Living on the Street in Los Angeles

On the Streets – Los Angeles

Los Angeles Times (2016)

Film Review

This is one of the better documentaries I’ve seen on homelessness. Based on a 2016 LA Times survey, it mainly focuses on high functioning homeless people, many of whom hold full time jobs.

According to the survey, in 2016 there were 44,000 homeless people in LA county. The survey mapped their location and whether they were living rough or in tents, camper vans or cars. The number of homeless living in vehicles doubled between 2015 and 2016.

It’s common for women in tents to cluster in “family” groups for security. The filmmakers interview a Skid Row cop who monitors the welfare of homeless people on his beat. He talks about a big increase in rapes, robbery, assaults and sex trafficking – due to criminals who prey on the homeless.

For me, the most interesting part of the film is an interview with a UCLA graduate student who lives in his car and is working with other homeless UCLA students to establish a youth homeless shelter. In the US, roughly 56,000 university students are homeless.

10 thoughts on “Living on the Street in Los Angeles

  1. I watched the video in its entirety and I must admit, it was extremely hard to do so even though I have volunteered helping the homeless, extensively. And the people I drive around to get their groceries, pick up their children, take to doctor’s appointments and the list is endless are almost just as pitiful.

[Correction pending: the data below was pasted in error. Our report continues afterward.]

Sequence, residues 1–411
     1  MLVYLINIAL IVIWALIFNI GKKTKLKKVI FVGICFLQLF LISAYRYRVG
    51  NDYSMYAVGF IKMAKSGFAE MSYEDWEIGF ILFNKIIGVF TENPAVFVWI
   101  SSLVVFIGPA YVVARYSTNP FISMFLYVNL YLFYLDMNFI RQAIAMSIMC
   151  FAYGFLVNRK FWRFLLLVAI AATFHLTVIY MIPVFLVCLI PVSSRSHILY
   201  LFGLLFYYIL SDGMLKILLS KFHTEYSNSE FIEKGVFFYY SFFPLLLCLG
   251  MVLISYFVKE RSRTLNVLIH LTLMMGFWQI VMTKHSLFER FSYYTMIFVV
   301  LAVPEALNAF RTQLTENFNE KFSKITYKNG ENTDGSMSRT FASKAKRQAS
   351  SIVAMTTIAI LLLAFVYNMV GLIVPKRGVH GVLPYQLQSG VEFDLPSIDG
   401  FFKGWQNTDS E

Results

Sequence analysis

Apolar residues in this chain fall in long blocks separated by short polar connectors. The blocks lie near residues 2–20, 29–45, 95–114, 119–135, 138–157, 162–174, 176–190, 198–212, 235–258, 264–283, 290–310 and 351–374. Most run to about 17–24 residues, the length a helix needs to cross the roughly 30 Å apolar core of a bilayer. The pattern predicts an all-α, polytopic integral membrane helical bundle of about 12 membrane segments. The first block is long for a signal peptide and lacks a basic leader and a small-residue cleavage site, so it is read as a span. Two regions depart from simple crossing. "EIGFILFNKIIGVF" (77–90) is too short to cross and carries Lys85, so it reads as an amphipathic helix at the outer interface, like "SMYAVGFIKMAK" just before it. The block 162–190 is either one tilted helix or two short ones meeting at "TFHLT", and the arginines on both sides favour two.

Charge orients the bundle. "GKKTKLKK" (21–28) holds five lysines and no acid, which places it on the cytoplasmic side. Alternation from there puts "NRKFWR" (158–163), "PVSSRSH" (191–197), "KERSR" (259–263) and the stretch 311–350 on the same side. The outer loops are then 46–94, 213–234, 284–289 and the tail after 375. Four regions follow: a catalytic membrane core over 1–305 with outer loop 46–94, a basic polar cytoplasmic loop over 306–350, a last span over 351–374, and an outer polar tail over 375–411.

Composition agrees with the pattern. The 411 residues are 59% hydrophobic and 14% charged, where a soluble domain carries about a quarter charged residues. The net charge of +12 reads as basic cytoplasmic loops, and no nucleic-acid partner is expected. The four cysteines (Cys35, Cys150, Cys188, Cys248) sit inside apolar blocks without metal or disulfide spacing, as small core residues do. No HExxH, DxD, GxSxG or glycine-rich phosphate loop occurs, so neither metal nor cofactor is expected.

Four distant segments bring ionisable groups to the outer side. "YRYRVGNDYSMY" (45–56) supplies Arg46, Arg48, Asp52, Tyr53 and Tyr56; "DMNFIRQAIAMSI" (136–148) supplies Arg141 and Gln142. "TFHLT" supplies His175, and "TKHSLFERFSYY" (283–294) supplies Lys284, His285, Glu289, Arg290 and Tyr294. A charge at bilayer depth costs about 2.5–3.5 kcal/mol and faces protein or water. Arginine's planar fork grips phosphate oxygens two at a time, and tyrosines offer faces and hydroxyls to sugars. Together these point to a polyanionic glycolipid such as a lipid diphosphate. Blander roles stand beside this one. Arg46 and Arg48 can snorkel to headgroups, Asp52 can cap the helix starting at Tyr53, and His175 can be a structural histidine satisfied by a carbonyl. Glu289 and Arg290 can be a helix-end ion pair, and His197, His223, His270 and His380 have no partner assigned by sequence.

My sadness was filled to overflowing when they spoke of a 76-year old woman who “died like she was just an animal” and was found in the garbage. That was just unspeakable! These atrocities are why this shithole is going to the dogs and why this so-called ‘Empire’ is in decline.

    People just want to live, free from the stress of being hounded by the police all the time for something they have no control over. And the homeless are not just poor whites and Black people, but are also college graduates and people who are working but their paltry wages are too low to afford them a place to live. Latinos were interviewed, an Asian man was living out of his vehicle. All demographics were represented in this video which only goes to show that no one is immune to homelessness. How most of these people handled their situation is just unbelievable. Many still managed to have a sense of humor. They also had a sense of fellowship and looked out for one another. And what was also sad is that the majority of them had seen the inside of a prison cell.